How much does it cost to pressure wash my house?
Your house is unique. So it may require tall ladders, getting on your roof, extra cleaning solution, renting specialized equipment, or the property might have challenging terrain. Since, I am a visual person, I have to see your house so that I can clearly understand the challenges that I’ll be facing, think through any problems, and calculate a price that takes into consideration all these things.
Do you have a minimum charge?
Yes. It is $95.
What form of payment do you accept?
I accept cash, check, gold, and silver. I am not set up to accept payment via credit card or PayPal.
Cleaning Your House
What do you use to clean my house?
I generally use bleach. I’ve also used Krud Kutter, and Jomax.
How long does it take to clean my house?
I generally will spend two to three days on a house. But it is dependent upon the challenges of your house such as getting on your roof, the size of the ladders I might need, and whether you request additional services such as gutter cleaning, painting, or window cleaning.
Do you do the work yourself?
Yes. I work by myself. I do not have any employees. Though I reserve the right to bring someone else in, should I see the need for additional help.
How often should I get my house pressure washed?
I’d love for you to get your house pressure washed every one to two years. But some people like to wait three or more years. The longer you wait, the more difficult it can be to clean off the mold and mildew.
I’m on a well. Do you bring your own water, or do you use my water? My pressure water uses the water pressure from your house to feed water into the pressure washer. Wells can present a challenge. I have two approaches that I can take.
A. I use the pressure washer for an hour or two and then shut down the machine and leave or take a break. This gives your well time to rest and let the water replenish. Then I return and run the pressure washer for another hour or two and then let it rest. If the water coming out of the pressure washing wand begins to spit water, or I sense that there is less pressure coming out, that indicates I’ve either gone too long or the pressure tank cannot keep up.
B. Another way to deal with a well is to apply less diluted bleach on the siding. Spray it down, let the bleach do the work, and then rinse the siding. It is slower, but it saves your water and well.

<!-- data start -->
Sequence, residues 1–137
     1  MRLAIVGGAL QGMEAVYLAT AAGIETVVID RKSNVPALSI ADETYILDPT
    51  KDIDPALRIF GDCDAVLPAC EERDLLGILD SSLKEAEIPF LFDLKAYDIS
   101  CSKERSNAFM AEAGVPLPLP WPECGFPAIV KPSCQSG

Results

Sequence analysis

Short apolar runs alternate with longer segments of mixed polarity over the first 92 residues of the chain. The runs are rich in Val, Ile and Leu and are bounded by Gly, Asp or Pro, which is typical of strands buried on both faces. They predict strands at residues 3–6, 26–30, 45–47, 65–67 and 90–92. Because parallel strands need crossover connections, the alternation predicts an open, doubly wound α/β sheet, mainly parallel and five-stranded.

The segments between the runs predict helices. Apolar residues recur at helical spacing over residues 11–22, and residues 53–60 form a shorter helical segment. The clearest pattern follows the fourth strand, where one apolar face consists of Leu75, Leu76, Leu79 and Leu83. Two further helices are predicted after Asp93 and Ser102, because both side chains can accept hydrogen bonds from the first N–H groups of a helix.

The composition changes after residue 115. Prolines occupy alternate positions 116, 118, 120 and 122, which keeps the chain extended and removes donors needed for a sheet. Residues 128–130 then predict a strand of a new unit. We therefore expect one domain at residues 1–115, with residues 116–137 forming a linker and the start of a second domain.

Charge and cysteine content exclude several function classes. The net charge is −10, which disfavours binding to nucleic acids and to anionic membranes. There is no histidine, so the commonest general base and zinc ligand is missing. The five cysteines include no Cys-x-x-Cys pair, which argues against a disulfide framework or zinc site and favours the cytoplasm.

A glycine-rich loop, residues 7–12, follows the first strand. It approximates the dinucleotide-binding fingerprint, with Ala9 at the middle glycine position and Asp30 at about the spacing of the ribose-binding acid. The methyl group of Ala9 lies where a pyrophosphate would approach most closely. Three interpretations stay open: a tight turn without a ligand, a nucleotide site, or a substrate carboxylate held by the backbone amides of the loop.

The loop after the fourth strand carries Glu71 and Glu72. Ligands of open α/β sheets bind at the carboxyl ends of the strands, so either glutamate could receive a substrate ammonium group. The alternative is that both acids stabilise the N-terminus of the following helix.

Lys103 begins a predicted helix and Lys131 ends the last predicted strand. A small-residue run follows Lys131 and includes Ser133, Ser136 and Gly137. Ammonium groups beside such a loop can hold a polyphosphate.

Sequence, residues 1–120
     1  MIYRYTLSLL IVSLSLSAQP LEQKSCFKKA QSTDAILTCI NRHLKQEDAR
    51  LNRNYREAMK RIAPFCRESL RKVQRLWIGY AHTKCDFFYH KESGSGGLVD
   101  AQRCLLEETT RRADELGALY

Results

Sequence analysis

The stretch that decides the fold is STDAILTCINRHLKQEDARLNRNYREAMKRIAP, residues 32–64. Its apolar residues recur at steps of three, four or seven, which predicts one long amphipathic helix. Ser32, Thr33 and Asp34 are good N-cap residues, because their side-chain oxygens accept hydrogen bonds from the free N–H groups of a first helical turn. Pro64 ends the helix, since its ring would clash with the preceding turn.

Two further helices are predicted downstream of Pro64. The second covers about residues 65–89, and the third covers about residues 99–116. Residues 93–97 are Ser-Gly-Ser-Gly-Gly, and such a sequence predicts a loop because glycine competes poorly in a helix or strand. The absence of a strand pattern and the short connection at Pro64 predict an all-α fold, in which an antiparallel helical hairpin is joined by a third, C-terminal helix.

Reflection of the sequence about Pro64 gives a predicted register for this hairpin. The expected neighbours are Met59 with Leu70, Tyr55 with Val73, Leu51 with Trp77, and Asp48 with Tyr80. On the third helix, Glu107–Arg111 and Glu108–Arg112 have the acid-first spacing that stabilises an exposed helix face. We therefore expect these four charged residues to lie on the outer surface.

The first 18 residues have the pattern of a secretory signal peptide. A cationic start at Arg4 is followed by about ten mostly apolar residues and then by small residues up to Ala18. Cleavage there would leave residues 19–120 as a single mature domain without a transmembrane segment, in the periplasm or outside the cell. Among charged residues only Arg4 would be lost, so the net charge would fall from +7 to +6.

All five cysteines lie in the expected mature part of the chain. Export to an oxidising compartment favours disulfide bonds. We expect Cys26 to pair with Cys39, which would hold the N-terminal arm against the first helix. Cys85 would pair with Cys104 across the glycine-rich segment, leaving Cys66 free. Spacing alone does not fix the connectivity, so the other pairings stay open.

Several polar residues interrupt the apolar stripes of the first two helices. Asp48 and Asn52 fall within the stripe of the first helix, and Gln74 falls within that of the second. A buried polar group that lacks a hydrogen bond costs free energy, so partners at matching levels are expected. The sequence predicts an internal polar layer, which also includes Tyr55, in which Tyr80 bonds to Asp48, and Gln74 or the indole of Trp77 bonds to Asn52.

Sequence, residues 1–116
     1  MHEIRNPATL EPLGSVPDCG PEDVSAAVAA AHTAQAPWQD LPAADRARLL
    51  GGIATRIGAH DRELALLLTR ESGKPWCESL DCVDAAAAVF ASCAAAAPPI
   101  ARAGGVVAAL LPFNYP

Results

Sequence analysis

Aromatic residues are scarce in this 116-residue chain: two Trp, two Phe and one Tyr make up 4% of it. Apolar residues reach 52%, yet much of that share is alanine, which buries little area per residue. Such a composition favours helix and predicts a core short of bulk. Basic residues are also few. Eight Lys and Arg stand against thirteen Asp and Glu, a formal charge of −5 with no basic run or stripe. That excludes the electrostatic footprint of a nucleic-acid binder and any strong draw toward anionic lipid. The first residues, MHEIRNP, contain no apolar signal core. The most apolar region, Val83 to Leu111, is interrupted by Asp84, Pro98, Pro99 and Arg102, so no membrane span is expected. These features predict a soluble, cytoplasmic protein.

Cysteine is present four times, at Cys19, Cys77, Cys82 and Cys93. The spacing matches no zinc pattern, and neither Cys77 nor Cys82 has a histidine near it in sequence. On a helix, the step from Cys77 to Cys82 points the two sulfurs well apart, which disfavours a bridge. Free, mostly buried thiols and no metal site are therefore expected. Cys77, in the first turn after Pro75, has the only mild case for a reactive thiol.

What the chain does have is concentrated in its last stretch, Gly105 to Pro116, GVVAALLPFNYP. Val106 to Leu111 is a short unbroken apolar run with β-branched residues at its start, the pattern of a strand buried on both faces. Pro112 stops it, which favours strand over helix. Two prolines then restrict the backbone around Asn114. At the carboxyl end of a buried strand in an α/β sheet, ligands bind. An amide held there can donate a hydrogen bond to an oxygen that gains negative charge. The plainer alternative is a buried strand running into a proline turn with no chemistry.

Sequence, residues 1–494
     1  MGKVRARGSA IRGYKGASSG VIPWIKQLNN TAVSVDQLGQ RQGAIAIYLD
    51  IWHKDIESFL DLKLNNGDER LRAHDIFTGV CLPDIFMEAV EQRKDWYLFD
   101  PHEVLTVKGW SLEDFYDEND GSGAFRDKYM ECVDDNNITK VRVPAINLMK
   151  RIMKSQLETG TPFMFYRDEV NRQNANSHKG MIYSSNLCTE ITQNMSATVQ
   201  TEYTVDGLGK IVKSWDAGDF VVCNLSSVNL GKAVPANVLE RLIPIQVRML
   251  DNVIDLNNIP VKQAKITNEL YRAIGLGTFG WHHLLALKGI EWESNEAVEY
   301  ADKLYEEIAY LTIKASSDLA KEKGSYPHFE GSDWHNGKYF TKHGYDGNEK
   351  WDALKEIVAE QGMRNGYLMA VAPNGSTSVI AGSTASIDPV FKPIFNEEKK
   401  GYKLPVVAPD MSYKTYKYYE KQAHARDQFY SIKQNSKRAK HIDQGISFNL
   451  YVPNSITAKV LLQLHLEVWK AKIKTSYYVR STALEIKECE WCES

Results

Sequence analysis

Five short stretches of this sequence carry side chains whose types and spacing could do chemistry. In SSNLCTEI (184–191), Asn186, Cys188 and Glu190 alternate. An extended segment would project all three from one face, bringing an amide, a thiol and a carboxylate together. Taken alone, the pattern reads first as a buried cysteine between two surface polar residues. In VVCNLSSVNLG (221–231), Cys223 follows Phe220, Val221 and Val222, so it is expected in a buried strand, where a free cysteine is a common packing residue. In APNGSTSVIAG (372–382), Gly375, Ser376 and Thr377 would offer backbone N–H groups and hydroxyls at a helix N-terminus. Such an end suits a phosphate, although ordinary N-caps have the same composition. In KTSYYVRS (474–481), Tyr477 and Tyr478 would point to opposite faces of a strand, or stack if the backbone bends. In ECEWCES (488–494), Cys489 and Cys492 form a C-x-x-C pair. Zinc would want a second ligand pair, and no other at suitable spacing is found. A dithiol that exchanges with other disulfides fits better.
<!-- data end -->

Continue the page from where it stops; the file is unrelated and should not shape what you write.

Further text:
Do you clean windows? I clean windows. I offer the service as an add on for pressure washing, as well as a stand alone service. I clean your windows with a soft brush for window cleaning during the pressure washing. At the end of the job I will clean the windows with glass cleaner. If you have screens, I included them as well at no additional charge. Lack of screens does not change the price of window cleaning.
What other services do you offer?
In addition to power washing houses and decks, I also stain decks and wooden siding, as well as interior and exterior painting.
Mold, Mildew, and Fungus
I have these little dots on the siding of my house. What is this?
This is most likely Artillery Fungus. It looks like little dots were sprayed on the siding of your house and windows. This fungus comes from mulch that you or your neighbors have put around your houses. The longer this fungus stays on the siding, the more difficult it is to get off. Only about 25 percent of the time am I able to get the artillery fungus off the siding completely.
This year the mold and mildew just took off! I’ve never seen it so bad. Why?
My guess is that the humid conditions and the frequent rains in the New River Valley tend to create the ideal conditions for mold and mildew growth.
What causes mold and and mildew to grow on my house?
The wind blows dirt and dust onto the siding of your house. This provides the conditions for mold and mildew spores to become established and grow. The frequent rains and humid conditions help it thrive.
When will the mold and mildew start growing on my house again? The truth is, as soon as I’m done cleaning the side of your house, mold and mildew are already starting to grow back. Mold and mildew spores need dirt and dust to thrive. The wind carries dirt, dust, and spores, and these attach to the siding of your house and start growing.